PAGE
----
While not printed in today’s Southeast Missourian, the Associated Press reports that the Vichy French regime is considering dismantling the Eiffel Tower to turn the Paris landmark into 70 tons of steel for German munitions. Either this is Allied propaganda or Adolf Hitler came to the conclusion that melting down the (then 52-year-old) tower would have far greater consequences than the steel could possibly be worth.
Charles Lindbergh has abandoned isolationism and the former Air Service Reserve colonel offered his services to the Army Air Forces (see page 7). As Lindbergh had been an outspoken critic of President Franklin Roosevelt’s policies, the White House denied his request. However, after serving as a consultant to the aircraft manufacturing industry, Lindbergh will fly 50 combat missions in the Pacific Theater — as a civilian. Lindbergh finds a way for Marine F4U Corsair pilots to double their bomb load and comes up with a procedure to extend the range of the P-38 Lightning. And he manages to shoot down an enemy plane while escorting bombers over Indonesia.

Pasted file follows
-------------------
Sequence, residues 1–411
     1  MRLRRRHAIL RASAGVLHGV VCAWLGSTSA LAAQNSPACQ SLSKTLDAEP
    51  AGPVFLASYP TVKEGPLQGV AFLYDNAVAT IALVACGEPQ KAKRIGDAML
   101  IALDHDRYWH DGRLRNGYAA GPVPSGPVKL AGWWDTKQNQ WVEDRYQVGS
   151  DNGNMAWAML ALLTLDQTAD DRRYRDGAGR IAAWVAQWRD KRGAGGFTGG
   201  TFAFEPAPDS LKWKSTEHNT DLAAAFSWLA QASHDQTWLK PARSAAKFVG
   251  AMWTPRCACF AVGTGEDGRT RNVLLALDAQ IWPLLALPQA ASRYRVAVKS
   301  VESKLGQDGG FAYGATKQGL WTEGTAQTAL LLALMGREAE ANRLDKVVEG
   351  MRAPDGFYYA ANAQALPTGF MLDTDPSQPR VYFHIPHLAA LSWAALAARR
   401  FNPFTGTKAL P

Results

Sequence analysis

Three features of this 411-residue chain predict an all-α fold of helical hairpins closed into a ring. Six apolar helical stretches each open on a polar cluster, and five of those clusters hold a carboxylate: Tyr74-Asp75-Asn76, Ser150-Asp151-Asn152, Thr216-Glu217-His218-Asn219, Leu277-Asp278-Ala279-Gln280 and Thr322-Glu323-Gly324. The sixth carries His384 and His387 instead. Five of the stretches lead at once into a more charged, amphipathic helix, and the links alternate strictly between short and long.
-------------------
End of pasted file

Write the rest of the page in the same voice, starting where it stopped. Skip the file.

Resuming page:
In 1954, Pres. Dwight Eisenhower will reactivate Lindbergh and appoint him brigadier general in the Air Force Reserve.
Regarding “Lieutenant Longs to Share ‘Wonderful Time'” on page 6: Lt. Carl Parker Gies, a fighter pilot stationed at Clark Field, will manage to escape the Philippines. Gies, who earned the Distinguished Service Cross on 10 December for shooting down two enemy fighters, serves as a test pilot in Australia before transferring to the European Theater. He will survive two crash-landings and also landed at Normandy’s UTAH Beach.
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